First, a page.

“Cats”, one of the most famous musicals by Andrew Lloyd Webber, was revived in Hong Kong last week after more than a decade. I first saw “Cats” in the early 1980s in London not long after its 1981 premiere. After more than three decades, this musical is still entrancing and hasn’t lost its magic.
Hong Kong APA Lyric Theatre’s stage, however, seems quite cramped for this show. Fortunately, some members of the cast move around in the stalls area and can spread out at times. Based on T.S. Eliot’s Old Possum’s Book of Practical Cats, the show is alive with feline characters from the Jellicle tribe of Cats, including Rum Tum Tugger, Mr. Mistoffelees, the evil Macavity, Old Deuteronomy, Grizabella, and others.
On a special moonlit night every year, the Jellicle Cats reunite in a rubbish dump for the Jellicle Ball. Their benevolent leader, Old Deuteronomy, will choose one of the cats to ascend to a higher level and be reborn into a new life.
In the beginning of this two-act show, there is too much philosophizing in the dialogue, which is heavy going. Act 1 feels episodic. Fortunately, there is enough variety in the various sections to keep the audience entertained. The tap dancing number is particularly good fun. Gillian Lynne’s choreography for this and other dance numbers throughout the show is effective.
The famous theme song “Memory”, which is the climax of Act 1 and is also repeated towards the end of Act 2, is rousingly performed by Joanna Ampil who plays Grizabella in Hong Kong.
Act 2 is more unified and flowing. Particularly memorable are the numbers Macavity and Mistoffelees. The latter is full of magic and spectacle, ending with an exciting, virtuosic male solo. Gus, the theatre cat, is also classy.
“Cats” is a most life-enhancing and timeless musical. So do catch this show before this run ends on 11 February.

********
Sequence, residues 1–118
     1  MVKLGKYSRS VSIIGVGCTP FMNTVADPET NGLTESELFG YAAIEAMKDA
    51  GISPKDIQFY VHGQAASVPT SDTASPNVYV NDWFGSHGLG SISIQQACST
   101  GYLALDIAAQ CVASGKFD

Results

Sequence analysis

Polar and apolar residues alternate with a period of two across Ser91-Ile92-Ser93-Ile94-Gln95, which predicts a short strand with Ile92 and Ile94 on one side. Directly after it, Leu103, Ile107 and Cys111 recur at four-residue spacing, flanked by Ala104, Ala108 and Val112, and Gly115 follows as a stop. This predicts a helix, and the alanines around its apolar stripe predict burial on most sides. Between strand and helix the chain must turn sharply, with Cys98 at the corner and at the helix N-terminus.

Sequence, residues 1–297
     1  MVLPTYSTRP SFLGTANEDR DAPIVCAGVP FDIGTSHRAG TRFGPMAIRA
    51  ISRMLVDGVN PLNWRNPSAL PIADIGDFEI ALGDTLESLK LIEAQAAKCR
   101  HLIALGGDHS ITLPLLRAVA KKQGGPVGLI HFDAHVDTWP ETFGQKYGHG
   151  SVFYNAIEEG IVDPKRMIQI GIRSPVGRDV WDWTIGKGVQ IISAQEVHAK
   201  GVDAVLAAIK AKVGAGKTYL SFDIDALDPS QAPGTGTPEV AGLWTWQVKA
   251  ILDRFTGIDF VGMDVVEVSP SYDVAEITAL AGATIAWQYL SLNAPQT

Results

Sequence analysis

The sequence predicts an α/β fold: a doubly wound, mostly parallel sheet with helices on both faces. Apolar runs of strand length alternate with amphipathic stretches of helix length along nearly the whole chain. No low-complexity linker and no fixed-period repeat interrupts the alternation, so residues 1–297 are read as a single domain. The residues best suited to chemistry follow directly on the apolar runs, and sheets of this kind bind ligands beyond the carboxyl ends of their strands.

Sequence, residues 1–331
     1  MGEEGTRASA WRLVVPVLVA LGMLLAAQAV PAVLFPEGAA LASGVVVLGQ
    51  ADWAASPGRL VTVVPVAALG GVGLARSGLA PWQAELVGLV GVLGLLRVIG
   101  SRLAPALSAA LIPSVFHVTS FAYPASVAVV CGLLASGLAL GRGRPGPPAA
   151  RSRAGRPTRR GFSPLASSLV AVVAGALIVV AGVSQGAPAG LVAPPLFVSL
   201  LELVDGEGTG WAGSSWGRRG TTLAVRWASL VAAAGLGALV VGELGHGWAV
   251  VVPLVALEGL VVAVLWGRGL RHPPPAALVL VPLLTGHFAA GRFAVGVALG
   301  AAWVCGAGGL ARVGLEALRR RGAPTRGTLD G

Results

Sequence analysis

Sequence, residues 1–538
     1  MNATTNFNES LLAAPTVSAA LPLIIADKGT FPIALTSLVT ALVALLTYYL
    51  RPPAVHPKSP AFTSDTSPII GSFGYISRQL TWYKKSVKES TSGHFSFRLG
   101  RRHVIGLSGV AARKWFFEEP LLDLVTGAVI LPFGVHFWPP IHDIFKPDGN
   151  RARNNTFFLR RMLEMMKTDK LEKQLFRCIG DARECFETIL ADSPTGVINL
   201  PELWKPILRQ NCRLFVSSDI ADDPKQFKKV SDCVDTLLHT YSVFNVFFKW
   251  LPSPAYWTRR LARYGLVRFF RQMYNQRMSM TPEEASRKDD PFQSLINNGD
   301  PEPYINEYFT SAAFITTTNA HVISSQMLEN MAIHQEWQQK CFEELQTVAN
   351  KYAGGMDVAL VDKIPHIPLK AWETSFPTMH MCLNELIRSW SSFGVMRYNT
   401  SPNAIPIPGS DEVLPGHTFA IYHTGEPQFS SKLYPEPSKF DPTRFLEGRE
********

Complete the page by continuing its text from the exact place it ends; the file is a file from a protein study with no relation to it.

The Nutcracker: the all-time favorite Christmas story
“The Nutcracker” is a 19th-century ballet classic that has also withstood the test of time, and gives pleasure to countless audiences all over the world every Christmas season. Australian choreographer Terence Kohler’s version of “The Nutcracker”, premiered by the Hong Kong Ballet six years ago, is definitely one of the best productions staged by the previous artistic director Madeleine Onne who left the company last spring.
Kohler’s main innovation to the story is that the magician Drosselmeyer gifts Clara a dollhouse instead of a nutcracker in the Christmas party in Act 1. And it’s in the dollhouse that the battle between the Rat King and Nutcracker Prince takes place. There are few changes to the national dances in Act 2. What is commendable is that Kohler has kept on improving the production every year. The narrative is now far more clear than before.
The company is in good form. Ye Feifei’s dancing is luscious and creamy. She is well matched by Li Jiabo who has improved tremendously in the role of the Nutcracker Prince. In the supporting roles, Naomi Yuzawa is impressive as Clara, while Jonathan Spigner stands out as her naughty brother Fritz.
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